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 Vera Mukhina

Born:   19 July 1889
Deceased:   6 October1953

Queen of Soviet Sculpture


Vera Mukhina was undoubtedly the most famous Soviet sculptor; her sculpture group Worker and Kolkhoz Woman that crowned the building of national Russian pavilion at the International Exhibition in Paris in 1937 is still one of the major sculptures shaping the Moscow city landscape.

Monumental triumph of this composition meeting the concrete task of ideological glorification at the same time expresses general tendencies of the artist’s creativity: the pathos of greatness and power, inclination to might and willful dynamism of shapes, and love of the grandiose. Being in accord with the spirit of the epoch those features let Mukhina become a vivid figure of official Soviet art.



Vera Ignatievna Mukhina was born in Riga on 19 June (1 July) 1889 into a merchant’s family. She spent her childhood and youth years (from1892 to1904) in the seaside city of Theodosia. There the future artist took her first drawing and painting lessons. After finishing classical school she moved to Moscow where she studied in the studio of the famous landscape painter K. Yuon (1909-11), and later shifted to the less academical I. Mashkov(1911-12). Vera Mukhina completed her education in Paris – in the Fine Arts Academy, in F. Colarossi Academies, la Palette and la Grand Chaumiere (in the latter very important were classes of Emile Antoine Bourdelle [French Expressionist Sculptor, 1861-1929]). In spite of all her initial tendency to principles of realistic vision the beginning artist was friends with non-figurative artists, which made for her brief working in the theatre (costume sketches for performances of Moscow Chamber Theatre, such as Alexander Blok’s Rose and Cross and Sem Benelli’s The Feast of the Jesters, all of 1916) and just as brief pursuit in textile design in the 1920s.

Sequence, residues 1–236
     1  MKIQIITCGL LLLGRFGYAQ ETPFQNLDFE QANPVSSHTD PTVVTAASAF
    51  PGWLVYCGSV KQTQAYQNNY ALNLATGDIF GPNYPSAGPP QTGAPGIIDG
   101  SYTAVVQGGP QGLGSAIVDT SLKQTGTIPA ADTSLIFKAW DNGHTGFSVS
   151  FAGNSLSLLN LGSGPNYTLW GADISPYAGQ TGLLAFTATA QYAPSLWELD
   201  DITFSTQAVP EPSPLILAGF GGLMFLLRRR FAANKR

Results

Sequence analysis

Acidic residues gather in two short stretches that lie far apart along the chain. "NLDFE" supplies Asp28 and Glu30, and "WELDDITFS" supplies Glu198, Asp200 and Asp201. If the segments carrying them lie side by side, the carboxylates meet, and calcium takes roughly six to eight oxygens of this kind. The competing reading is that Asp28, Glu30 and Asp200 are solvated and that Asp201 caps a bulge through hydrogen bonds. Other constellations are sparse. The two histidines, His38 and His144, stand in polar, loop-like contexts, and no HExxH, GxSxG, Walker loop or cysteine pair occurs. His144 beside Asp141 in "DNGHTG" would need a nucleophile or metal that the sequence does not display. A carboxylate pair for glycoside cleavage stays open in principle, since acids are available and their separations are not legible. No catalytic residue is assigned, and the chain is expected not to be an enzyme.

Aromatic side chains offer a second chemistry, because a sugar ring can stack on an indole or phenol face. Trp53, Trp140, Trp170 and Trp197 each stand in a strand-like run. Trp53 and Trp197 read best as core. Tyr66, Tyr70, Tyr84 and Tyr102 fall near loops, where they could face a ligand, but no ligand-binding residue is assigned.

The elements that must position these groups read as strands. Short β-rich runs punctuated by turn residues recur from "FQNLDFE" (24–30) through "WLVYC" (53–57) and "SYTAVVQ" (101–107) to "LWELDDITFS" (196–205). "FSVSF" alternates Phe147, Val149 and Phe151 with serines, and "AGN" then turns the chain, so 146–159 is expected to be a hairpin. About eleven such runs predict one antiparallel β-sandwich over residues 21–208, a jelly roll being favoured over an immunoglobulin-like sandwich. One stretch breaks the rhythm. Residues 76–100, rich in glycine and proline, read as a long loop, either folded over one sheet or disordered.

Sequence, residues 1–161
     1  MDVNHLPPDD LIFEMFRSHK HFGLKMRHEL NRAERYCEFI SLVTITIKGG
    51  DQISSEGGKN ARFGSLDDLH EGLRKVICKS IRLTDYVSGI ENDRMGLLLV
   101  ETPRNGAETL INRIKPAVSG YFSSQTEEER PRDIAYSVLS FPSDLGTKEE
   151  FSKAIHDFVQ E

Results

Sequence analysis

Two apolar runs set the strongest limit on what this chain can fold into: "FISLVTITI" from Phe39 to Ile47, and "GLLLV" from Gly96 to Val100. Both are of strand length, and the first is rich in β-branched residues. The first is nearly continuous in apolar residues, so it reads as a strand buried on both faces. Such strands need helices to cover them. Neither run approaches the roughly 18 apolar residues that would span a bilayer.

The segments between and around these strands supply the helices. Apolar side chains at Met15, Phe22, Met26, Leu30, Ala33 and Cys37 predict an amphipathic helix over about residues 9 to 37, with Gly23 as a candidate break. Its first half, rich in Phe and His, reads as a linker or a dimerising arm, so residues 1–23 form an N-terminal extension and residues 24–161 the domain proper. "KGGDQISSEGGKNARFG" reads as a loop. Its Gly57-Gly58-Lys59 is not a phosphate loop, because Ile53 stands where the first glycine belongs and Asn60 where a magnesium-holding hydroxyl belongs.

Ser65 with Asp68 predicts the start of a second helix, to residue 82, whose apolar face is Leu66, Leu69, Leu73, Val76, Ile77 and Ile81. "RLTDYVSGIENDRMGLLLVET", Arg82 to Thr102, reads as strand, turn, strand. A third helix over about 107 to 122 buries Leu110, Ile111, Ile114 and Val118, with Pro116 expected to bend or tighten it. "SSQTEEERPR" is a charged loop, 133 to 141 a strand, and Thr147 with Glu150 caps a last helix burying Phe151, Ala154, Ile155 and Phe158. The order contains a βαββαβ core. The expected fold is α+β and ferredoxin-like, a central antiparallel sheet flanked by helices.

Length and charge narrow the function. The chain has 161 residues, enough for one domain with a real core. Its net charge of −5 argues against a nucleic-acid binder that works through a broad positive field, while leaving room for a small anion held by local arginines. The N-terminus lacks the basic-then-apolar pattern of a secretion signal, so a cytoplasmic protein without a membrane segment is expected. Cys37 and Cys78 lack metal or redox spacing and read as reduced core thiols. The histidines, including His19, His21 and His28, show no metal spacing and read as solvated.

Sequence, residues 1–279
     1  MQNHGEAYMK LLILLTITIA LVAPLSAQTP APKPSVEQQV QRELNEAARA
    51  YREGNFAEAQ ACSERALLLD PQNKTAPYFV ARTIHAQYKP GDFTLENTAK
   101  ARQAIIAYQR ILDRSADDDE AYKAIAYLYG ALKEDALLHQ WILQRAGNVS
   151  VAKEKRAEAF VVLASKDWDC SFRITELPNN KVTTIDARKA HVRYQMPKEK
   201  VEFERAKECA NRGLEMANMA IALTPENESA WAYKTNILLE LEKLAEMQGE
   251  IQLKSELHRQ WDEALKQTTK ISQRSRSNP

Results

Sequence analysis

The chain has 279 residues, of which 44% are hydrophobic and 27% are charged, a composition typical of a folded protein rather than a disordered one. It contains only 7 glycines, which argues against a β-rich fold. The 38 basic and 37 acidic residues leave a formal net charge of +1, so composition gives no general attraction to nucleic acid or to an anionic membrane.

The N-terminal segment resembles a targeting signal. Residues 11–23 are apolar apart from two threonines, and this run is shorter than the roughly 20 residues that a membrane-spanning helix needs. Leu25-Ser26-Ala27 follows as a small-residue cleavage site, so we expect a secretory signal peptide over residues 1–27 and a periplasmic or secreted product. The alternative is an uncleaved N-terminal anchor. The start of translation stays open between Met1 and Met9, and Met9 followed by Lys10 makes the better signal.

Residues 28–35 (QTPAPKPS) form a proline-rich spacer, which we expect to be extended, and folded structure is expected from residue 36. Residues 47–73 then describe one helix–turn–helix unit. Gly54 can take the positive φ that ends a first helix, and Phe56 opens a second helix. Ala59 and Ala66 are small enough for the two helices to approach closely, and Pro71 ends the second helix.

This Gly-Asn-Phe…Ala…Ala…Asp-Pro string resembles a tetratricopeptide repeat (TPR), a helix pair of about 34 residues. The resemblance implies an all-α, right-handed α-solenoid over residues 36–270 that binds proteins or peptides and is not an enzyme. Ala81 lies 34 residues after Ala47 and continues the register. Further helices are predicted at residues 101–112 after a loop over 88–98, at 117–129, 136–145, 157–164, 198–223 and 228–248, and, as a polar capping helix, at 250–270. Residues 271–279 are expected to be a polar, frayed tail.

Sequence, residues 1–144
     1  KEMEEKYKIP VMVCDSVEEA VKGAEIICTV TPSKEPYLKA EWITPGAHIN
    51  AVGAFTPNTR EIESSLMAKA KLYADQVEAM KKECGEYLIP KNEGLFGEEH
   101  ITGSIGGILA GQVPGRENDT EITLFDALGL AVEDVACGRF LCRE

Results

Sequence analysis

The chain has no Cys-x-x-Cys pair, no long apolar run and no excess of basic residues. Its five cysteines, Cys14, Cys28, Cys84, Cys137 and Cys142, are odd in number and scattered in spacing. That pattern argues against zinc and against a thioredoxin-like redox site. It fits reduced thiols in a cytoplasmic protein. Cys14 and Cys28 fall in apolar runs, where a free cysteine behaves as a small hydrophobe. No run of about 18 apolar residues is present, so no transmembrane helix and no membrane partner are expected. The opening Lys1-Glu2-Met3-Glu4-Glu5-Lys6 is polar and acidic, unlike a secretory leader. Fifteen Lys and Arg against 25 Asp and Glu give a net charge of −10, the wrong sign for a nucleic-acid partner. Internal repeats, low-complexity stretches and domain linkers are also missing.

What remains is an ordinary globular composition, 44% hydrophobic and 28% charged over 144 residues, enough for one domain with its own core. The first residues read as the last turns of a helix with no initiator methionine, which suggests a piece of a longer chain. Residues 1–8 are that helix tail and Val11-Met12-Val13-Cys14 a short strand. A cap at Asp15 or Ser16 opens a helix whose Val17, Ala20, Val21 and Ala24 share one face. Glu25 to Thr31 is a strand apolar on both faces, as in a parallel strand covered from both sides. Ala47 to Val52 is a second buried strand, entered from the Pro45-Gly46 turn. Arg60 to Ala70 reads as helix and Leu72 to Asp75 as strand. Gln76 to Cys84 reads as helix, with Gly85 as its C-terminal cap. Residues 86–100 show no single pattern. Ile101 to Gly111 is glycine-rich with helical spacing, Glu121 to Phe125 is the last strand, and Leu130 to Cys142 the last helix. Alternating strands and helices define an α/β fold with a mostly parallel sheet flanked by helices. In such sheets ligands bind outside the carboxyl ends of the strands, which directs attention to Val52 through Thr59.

Worker and Kolkhoz Woman
In sculpture the shaping of Mukhina’s own language was connected with the plan of monumental propaganda. Out of the four projects created according to this plan – sketches for sculptures Liberated Labour and Revolution (both of 1919) and monuments to V.M. Zagorski (1921) and Y.M. Sverdlov(1923) - the last one is most remarkable. Its symbolical solution ( Flame of Revolution is another name for it) has the motif of surmounting the stagnant flesh; the opposing movements of forms add mighty dynamism to the composition and make it seem monumental (though the project was not implemented, just like the three other). The metaphor of impetuous impulse and overcoming, initially thrown up by experiencing revolution, later reverberated in many Mukhina’s works, such as The Wind(1926-27), A Woman’s Torso (1927), Worker and Kolkhoz Woman (1937), Icarus and Boreas (both of 1938). At the same time hyperbolized sensation of bodily mass typical of her works and most expressly conveyed in Peasant Woman (1927) with its generalized heavy plastic and later subjected to aesthetization (in Fertility, 1934 and Bread, 1939), created some counterpoise to the flight feeling also inherent in her works. As a result sculptures by Vera Mukhina presented a balance ideal for official soviet art – the balance of statics and willpower, blending of earthly heaviness and transpersonal triumph.

The artist worked in chamber genres as well: in the 1940s she was into art glass, along with vases and cups creating glass portraits ( Portrait of V.I. Kachalov and Portrait of Ballet Soloist S.G. Koren as Mercutio, both of 1947).


All her life Vera Mukhina kept an unfading interest in portrait. She often portrayed her nearest and dearest (A.A. Zamkov, 1918, 1934; V.A. Zamkov, 1934; S.A. Zamkov - Builder, 1934), and yet they were void of lyricism. Mukhina was inclined to generalized solutions and reticent monumentality of plastic art.

In portraits of war heroes, namely those of B. A. Yusupov and I.L. Khizhnyak (both of 1942) her manner became more detailed and exact, yet the feeling of integral shape, as a rule, helped her avoid superfluous narration.

In 1939 Mukhina wrote: "Style is born when the artist doesn’t only with his mind learns the ideals of his time, but when he cannot feel otherwise, when the ideology of his age and his people becomes his personal ideology”. It is in this very sense that she conveyed the style of her epoch. V. M. Mukhina died on 6 October, 1953 in Moscow.

Many of Mukhina’s projects remained unrealized, including the monument to Y. Sverdlov and Lenin. M. Gorky monument intended for Moscow was set up in the city of Gorky (later renamed back to Nizhni Novgorod).

There is a museum of Vera Mukhina in Theodosia and one of the streets in Peredelkino District of Moscow is named after her.

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